The number of Wisconsin families without high-speed internet could be much higher than was known earlier even as hundreds of millions of dollars have been spent addressing the problem.
State officials now say approximately 650,000 people lack home internet access of 25 megabit-per-second downloads and 3 Mbps uploads, nothing special in today’s digital world but adequate for streaming a video or taking an online class. Moreover, officials say, another 650,000 people simply can’t afford the service that’s available to them.
Only a year ago it was estimated that around 400,000 people, mostly in rural areas, lacked broadband access. But that figure relied on a flawed Federal Communications Commission mapping system that across the nation underestimated coverage gaps.
The Wisconsin Public Service Commission has since gathered its own data, through crowdsourcing and other means, and came up with the higher estimate.
“We can’t wait on the FCC to fix its maps,” said PSC Chairwoman Rebecca Cameron Valcq.
The new figures come as state and federal agencies have already spent hundreds of millions of dollars on expanding broadband in Wisconsin. More than $100 million is coming through 95 projects under the American Rescue Plan Act, and this summer the Public Service Commission is expected to award $100 million in 94 state grants requesting a total of nearly $500 million.
Considering what’s been spent since 2014, and what’s been allocated for new projects, more than $1.4 billion in government funding will have gone toward broadband expansion in the state. Yet in many places it’s still painfully difficult to work from home or even upload a video because internet speeds are so slow and unreliable.
Our reliance on the internet quadrupled during the pandemic, said Barry Orton, professor emeritus of telecommunications at the University of Wisconsin-Madison.
“The bar keeps getting raised higher,” Orton said, with increased demands for faster speeds, especially in uploads.
Problem is solvable, but at what price?
With more accurate and detailed data on where broadband is lacking, state officials say the problem is much more solvable.
Previously, it was like throwing darts in a dimly lit tavern, according to Valcq.
“It’s a heck of a lot easier for me to hit the bull’s-eye if you turn the lights on,” she said.
In broadband planning, that’s included public surveys and getting more granular data from service providers previously unwilling to share the information with state and federal agencies.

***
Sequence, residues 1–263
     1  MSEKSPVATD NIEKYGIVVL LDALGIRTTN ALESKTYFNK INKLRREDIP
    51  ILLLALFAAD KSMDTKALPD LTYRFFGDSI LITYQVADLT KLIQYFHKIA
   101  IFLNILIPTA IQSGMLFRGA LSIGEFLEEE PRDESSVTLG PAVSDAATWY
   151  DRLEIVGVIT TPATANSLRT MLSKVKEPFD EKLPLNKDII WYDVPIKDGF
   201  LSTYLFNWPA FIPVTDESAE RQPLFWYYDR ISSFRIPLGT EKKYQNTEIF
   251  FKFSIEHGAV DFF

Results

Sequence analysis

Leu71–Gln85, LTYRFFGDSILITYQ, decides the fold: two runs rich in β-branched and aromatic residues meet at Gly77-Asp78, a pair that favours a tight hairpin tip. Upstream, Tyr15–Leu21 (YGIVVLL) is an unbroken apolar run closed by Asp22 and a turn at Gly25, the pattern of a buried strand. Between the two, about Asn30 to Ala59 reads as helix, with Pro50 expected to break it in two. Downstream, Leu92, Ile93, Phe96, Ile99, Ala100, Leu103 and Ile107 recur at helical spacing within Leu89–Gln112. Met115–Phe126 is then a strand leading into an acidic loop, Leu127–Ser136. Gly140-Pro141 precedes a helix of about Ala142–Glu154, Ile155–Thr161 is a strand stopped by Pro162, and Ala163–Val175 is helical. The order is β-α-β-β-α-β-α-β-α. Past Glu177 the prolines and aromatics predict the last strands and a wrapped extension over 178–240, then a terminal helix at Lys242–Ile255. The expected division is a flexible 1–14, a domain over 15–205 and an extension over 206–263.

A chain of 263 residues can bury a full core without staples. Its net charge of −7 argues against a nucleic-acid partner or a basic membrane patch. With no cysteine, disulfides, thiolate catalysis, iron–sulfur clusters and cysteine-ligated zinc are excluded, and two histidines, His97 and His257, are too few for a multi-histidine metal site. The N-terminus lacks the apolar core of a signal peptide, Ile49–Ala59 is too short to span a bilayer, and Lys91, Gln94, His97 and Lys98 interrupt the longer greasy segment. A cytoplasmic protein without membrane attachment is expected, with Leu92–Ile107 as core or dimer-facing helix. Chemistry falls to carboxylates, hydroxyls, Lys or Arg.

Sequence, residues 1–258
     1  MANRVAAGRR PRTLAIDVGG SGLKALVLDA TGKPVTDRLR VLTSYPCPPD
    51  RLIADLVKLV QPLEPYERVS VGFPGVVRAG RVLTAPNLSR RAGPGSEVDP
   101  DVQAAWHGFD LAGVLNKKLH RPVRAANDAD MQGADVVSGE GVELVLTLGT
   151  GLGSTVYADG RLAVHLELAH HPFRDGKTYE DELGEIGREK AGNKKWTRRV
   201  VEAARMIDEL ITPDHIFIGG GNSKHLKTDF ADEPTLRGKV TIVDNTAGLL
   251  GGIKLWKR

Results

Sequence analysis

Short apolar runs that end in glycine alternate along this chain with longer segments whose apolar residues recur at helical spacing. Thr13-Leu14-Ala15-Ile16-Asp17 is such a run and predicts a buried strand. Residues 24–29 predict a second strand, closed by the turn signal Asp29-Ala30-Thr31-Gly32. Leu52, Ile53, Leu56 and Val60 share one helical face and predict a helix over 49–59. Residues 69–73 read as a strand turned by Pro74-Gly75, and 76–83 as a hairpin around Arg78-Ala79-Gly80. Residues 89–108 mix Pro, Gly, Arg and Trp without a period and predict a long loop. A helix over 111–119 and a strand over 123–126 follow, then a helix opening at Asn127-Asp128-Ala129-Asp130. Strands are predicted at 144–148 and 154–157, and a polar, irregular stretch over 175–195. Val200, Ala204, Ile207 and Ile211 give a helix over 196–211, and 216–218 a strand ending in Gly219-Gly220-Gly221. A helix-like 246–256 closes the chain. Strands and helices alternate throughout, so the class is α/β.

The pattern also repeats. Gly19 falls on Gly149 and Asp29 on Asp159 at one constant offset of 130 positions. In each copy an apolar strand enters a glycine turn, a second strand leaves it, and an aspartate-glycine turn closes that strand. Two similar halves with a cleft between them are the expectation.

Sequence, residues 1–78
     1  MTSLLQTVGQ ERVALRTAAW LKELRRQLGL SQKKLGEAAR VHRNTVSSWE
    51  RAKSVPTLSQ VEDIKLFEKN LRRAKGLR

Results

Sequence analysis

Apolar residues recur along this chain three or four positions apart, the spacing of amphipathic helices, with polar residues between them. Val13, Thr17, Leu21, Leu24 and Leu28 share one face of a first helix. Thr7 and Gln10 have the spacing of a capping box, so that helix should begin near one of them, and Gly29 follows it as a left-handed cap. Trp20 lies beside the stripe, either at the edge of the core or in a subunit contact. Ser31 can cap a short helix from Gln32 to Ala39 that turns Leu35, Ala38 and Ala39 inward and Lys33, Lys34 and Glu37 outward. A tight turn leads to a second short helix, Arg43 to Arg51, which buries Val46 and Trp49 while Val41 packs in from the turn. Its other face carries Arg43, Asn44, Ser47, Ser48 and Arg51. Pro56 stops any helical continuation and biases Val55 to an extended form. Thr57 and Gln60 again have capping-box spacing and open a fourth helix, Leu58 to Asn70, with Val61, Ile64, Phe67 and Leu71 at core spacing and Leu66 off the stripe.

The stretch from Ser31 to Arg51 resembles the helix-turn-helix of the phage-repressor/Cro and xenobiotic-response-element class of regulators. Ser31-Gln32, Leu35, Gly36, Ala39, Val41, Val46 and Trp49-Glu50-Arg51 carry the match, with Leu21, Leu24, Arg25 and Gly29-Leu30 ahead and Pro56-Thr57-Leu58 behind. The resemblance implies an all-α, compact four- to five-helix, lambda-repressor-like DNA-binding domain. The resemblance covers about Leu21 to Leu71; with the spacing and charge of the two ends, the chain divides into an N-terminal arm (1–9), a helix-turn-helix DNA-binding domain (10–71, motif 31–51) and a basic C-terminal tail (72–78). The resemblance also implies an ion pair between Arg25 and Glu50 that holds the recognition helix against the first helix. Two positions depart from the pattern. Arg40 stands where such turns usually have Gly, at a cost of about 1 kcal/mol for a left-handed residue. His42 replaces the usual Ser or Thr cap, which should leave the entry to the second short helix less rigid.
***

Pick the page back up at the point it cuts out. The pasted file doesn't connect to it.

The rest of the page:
“Are we always in 100 percent agreement with the service providers? No, but I think by and large they’re doing a good job of holding up their end of the bargain,” Valcq said.
The Public Service Commission says its goal is to make sure that everyone has access to at least 25 Mbps downloads and 3 Mbps uploads, and that most people have much higher speeds, in the next five years.
“I think if we can continue to strategically leverage both the state and federal dollars, we should be able to get this done,” Valcq said.
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Areas with little or no available service are the first priority, according to the PSC, followed by upgrades in other places.
There are “pockets of need” in all 72 counties of the state, Valcq said, and a mix of technologies including wireless transmitters and fiber-optic cable, will be needed to address them.
How much would it cost to get broadband to everyone in Wisconsin?
“Nobody really knows,” Valcq said. “Everything is really just a very educated guess because of things like the supply chain, labor shortages, all sorts of obstacles.”
Grants could require higher speeds
The FCC has said nationwide around 14 million people lacked broadband access. However, the firm Broadband Now, which helps consumers find service, estimated it was closer to 42 million. Microsoft Corp., through measuring the speed that people use the internet for software downloads, has put the number at 120 million.
“Nobody has spent the money necessary to get accurate numbers,” Orton said, and the current minimum standard for broadband, of 25 Mbps downloads and 3 Mbps uploads, is outdated anyway.
The FCC maps are largely flawed because if even one home or business in a census block has access to minimum speeds, the agency considers the entire block served. In rural areas some of those blocks, not to be confused with the larger census tracts, cover hundreds of square miles. Many places are shown as having broadband when, in reality, they don’t.
Two years ago, Congress gave the FCC nearly $100 million to improve its mapping system. The agency has said the process is underway but has not disclosed when the task will be completed.
“Few expect the FCC to publish more accurate maps of where broadband is until 2023,” said Christopher Mitchell, director of the Community Broadband Networks Program at the Institute for Local Self Reliance in Minneapolis.